Since I finished Hallucination, I’ve thought a lot about how new barefoot runners learn. Part of this fascination came from talking with other runners running the Woodstock races. I was shocked at the number of runners that had purchased and began training in Vibrams (the minimalist shoes I wore for the 100 miler). Most of the conversations revolved around them asking me for advice on transitioning to minimalist shoes. I began to realize there was a genuine need for more educational resources for new barefoot and minimalist shoe runners. This realization has been reinforced by my participation in the Runner’s World barefoot Forum. Many new barefoot and minimalist shoe runners were asking the same basic questions despite the many resources available on the web. Teaching is my profession. I get great joy out of educating others. I decided to begin actively teaching barefoot running as a coach and clinic director.
At first, the clinic idea seemed like a pipe dream. Would I really be able to find enough people interested in barefoot running to hold a clinic? There are other clinics available throughout the country. Ken Bob Saxton holds clinics in Southern California. Barefoot Ted McDonald holds clinics in Seattle (and a few other places on the West Coast). Jessica Lee and Michael Sandler started a barefoot running school in Boulder, Colorado (runBARE). Clearly others were finding enough runners to populate the clinics. Why wouldn’t the clinic idea succeed here in West Michigan? The first order of business- finding a place to hold the clinic. That was easy enough. The next step- publicizing the clinic. I was lucky enough to get Gazelle Sports, a local running store, to hang a flyer in their stores. Our local Crossfit gym (Crossfit Grand Rapids) was also willing to publicize the clinic. I’m a huge fan of Crossfit as an ideal workout for runners and plan to recommend it to all clinic attendees. I was also able to contact the physical therapists of PT360. Scott Hadley and Adam Fujita had been recommending barefoot running to their patients from some time, and were interested in developing a barefoot running club in Grand Rapids. They are also working on an exercise routine to help injured runners. I was overjoyed to find all these wonderful contacts! As it turns out, the barefoot running scene in Grand Rapids may grow much faster than I anticipated!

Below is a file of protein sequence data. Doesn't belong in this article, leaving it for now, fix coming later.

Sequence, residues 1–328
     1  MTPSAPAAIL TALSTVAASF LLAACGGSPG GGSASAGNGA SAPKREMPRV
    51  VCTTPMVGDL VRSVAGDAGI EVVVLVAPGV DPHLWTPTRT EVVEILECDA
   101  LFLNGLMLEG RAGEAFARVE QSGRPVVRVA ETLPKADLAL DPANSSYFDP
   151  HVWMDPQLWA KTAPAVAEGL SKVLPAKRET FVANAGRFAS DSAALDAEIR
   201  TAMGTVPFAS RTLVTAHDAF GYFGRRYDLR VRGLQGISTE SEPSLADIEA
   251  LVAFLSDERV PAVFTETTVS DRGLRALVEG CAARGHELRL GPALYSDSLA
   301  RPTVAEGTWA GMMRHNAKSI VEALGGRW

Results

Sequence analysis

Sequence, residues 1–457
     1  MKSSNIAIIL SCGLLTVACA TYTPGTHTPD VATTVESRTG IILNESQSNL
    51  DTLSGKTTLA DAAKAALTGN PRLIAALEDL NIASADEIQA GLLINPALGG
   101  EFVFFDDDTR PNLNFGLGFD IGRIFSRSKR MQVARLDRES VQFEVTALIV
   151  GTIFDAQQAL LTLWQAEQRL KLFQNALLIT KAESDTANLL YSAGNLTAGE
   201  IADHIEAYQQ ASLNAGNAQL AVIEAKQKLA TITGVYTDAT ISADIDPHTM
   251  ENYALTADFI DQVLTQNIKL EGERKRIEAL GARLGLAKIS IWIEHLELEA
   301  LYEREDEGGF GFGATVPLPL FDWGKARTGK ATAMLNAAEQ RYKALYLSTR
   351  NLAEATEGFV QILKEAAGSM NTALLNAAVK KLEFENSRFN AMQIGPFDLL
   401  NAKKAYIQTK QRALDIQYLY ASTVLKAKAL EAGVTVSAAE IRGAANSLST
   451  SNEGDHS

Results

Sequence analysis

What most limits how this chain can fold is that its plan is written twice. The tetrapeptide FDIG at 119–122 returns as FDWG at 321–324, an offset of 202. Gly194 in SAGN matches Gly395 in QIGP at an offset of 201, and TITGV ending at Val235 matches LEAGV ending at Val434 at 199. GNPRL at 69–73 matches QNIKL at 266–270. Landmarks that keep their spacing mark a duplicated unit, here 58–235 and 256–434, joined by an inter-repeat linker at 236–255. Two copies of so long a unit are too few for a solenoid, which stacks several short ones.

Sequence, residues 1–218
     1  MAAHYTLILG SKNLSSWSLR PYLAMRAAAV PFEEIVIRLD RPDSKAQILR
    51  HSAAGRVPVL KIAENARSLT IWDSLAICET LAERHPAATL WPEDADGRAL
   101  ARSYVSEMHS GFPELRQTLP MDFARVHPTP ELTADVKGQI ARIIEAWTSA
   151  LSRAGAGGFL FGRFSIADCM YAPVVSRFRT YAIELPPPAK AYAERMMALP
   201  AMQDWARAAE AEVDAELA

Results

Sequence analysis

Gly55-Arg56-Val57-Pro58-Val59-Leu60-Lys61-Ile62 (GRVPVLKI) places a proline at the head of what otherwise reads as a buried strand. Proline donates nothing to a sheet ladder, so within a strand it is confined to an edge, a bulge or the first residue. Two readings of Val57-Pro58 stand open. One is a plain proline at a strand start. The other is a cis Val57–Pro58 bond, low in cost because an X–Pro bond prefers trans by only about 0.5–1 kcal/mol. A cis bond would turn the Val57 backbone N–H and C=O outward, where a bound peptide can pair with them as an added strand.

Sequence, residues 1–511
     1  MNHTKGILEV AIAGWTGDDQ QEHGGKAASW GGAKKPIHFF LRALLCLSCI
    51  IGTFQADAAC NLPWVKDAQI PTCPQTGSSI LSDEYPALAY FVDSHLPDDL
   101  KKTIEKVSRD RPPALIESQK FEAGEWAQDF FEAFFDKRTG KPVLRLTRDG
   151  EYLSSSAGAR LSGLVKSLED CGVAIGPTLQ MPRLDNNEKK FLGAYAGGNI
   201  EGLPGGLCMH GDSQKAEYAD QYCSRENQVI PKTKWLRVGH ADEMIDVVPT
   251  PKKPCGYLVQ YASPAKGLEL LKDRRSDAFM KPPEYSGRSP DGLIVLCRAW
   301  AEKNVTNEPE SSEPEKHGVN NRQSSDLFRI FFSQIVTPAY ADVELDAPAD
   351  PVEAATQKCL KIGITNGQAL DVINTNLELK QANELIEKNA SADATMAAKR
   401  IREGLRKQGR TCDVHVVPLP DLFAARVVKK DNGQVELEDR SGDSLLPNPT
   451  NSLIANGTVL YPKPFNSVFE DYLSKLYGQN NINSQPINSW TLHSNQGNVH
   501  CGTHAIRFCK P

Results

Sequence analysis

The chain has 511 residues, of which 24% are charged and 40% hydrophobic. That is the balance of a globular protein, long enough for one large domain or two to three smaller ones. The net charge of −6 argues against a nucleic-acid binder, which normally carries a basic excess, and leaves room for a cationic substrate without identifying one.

As it stands today, I have one clinic scheduled (see the flyer here). I am planning on holding more starting in February. The winter months can make barefoot or even minimalist shoe running VERY difficult in West Michigan. My hope is to begin networking now. By spring, we’ll have enough barefoot runners to begin events such as group runs and coordinated races. The future for barefoot running is bright!
Shameless plug for my barefoot running book “The Barefoot Running Guide”- it’s available in ebook form for $10 here. I am working on a printed version.